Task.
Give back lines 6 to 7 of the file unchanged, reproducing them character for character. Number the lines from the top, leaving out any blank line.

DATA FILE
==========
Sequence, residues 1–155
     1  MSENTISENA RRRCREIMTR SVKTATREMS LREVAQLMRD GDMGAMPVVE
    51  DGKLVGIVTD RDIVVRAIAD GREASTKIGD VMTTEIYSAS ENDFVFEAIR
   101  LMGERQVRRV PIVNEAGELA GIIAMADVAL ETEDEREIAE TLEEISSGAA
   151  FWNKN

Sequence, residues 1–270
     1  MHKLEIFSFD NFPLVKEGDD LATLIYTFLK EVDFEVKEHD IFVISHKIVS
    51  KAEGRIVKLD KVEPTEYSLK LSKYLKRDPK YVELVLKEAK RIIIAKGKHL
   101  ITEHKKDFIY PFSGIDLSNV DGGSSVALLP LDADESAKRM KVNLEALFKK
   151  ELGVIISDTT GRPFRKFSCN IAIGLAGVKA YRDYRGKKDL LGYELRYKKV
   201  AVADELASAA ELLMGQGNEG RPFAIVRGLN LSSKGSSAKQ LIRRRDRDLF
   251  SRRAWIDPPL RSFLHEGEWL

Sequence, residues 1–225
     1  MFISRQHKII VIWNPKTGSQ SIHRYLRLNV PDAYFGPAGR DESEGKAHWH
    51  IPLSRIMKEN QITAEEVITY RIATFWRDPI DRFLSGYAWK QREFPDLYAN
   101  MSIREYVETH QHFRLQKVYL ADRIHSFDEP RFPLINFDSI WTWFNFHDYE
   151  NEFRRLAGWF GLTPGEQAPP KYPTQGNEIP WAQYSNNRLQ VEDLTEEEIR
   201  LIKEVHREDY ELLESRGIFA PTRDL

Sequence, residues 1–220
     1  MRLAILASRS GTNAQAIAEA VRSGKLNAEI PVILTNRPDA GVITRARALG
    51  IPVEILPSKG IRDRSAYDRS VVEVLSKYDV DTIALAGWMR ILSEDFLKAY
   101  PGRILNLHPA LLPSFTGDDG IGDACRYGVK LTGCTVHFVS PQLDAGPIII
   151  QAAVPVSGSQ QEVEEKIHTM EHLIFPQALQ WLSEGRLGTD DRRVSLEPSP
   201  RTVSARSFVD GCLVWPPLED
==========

Sequence, residues 1–270
     1  MHKLEIFSFD NFPLVKEGDD LATLIYTFLK EVDFEVKEHD IFVISHKIVS